He pushed the fuel millage to its limit to gain track position, even running out of gas on pit row at Lap 166. A team can average about 30 laps before needing to refuel; therefore Harvick’s team knew he could make it to at least Lap 196. By not pushing through the field Harvick conserved on fuel and was able to maneuver to fouth as others started conserving too late.

 

Ranked 10th – Denny Hamlin (#11)

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            The Hamlin and Kenseth teams should have a beer and compare notes, because they had similar stories at Pocono. Like Kenseth, Hamlin was in it the whole race. The first half the race he only dropped out of the top ten after pitting and even then was able to recover fast.

            Hamlin stayed out on the competition caution gaining track position. At Lap 145 Hamlin was only 0.16 off leader (Kahne). He gave Kahne a strong challenge but just couldn’t make it happen.  He pitted at Lap 155 causing him to have to pit again before the end of the race, at least by Lap 185. His team made the call to pit on Lap 174, possibly 11 laps before they had to. In the past Hamlin has had a slow track position recovery after pitting, so this may have been valid strategy for Hamlin. However it didn’t pay off, as Hamlin couldn’t recover position in time.   

 

Ranked 9th – Tony Stewart (#20)

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            It was about time! The first half of the race I thought I was going to have to watch another boring, half hearted Stewart behind the wheel. Not doing a bad job but not giving much excitement either. Plus it looked like the car was getting a little sideways off Turn Two. I was ready to write him off then at Lap 158 Tony came alive!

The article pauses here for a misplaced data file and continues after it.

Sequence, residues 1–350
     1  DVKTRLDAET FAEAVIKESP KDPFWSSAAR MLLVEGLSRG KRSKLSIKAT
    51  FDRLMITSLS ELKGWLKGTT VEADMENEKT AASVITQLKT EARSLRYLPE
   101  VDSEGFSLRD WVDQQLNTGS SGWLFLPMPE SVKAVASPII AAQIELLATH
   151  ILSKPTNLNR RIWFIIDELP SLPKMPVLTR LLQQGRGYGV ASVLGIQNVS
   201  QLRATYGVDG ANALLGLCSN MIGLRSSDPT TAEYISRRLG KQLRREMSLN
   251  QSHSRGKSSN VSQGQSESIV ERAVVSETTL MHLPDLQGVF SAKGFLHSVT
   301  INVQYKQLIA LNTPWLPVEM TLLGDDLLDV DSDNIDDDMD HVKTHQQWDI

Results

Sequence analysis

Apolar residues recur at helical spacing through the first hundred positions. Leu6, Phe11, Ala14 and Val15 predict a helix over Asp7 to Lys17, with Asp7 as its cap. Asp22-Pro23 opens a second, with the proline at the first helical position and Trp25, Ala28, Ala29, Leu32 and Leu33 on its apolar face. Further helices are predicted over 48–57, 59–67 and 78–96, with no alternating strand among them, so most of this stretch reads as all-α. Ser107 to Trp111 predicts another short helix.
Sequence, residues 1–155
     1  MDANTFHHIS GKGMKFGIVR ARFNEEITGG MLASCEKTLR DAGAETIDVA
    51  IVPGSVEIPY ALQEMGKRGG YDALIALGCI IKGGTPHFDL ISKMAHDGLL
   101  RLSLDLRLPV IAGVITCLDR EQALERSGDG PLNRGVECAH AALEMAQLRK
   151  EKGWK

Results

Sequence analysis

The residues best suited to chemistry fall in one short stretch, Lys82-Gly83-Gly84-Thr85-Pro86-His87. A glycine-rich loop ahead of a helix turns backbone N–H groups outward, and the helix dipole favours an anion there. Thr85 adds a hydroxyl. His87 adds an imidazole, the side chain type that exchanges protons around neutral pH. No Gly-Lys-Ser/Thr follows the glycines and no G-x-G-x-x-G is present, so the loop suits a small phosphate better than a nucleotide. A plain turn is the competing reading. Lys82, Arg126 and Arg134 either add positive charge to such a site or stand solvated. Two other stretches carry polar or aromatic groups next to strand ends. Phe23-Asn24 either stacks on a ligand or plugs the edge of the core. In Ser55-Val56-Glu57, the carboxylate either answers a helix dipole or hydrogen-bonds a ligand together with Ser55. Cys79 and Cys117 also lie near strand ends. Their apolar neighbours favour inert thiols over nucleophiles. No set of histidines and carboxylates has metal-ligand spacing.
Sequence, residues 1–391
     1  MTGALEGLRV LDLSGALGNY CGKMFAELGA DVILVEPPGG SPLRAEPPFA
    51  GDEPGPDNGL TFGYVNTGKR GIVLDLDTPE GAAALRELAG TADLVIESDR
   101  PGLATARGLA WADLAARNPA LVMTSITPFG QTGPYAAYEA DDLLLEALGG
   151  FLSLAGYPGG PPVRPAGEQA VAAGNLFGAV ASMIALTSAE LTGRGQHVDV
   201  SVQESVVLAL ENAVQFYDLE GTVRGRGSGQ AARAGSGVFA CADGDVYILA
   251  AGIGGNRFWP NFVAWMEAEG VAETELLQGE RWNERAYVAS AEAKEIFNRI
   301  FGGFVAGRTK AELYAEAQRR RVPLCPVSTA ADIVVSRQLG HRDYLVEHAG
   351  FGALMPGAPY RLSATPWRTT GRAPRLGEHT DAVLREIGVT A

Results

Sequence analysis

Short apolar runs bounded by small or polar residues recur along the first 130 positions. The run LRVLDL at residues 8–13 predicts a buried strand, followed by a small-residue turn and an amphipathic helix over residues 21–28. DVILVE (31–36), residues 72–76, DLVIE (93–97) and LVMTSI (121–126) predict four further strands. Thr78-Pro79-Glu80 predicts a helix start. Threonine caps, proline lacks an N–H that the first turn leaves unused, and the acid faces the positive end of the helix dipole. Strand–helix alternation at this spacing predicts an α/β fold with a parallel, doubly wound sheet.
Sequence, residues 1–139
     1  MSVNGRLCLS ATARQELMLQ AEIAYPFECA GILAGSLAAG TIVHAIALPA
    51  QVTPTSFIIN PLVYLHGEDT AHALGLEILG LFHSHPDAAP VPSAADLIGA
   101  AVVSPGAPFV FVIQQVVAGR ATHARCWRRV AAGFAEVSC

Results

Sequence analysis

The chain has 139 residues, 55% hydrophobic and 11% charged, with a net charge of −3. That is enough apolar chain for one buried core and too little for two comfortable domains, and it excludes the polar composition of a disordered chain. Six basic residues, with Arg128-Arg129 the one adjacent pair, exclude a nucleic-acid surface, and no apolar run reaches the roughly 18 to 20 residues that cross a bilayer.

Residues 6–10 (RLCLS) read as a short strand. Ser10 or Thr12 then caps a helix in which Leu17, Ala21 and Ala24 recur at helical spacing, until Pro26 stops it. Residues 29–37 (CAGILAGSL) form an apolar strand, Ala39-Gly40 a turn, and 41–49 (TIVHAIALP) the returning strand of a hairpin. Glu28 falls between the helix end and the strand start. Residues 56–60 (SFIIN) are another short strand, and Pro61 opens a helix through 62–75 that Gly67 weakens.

He took Earnhardt Jr. on the inside for seventh and that began his hard push to the front. The #20 team showed their strength and superior approach to Pocono by making his last pit Lap 166. Coming off pit row Stewart was nothing but aggressive charge.  Stewart was at third by Lap 186 and 10.26 of the leader. Two laps later he was second and had cut his time off the leader by almost half to 5.60. Edwards was running out of gas but Stewart couldn’t catch him but finished strong at second.

 

            Time is getting short, how will the Glen affect the Chase? If the Tony Stewart we saw at Pocono keeps showing up then yes I am going to have to eat my past words and say he deserves to be in the Chase,  but I lets see what this Sunday hold first. Between Matt Kenseth and Clint Bowyer, Kenseth is the better driver thus, I think we will see a strong fight for 12th at the Glen.

 

             Well until next time, happy cheering for the bottom of the bucket!

 

 

Sources: NASCAR.com, ESPN, and ESPN.com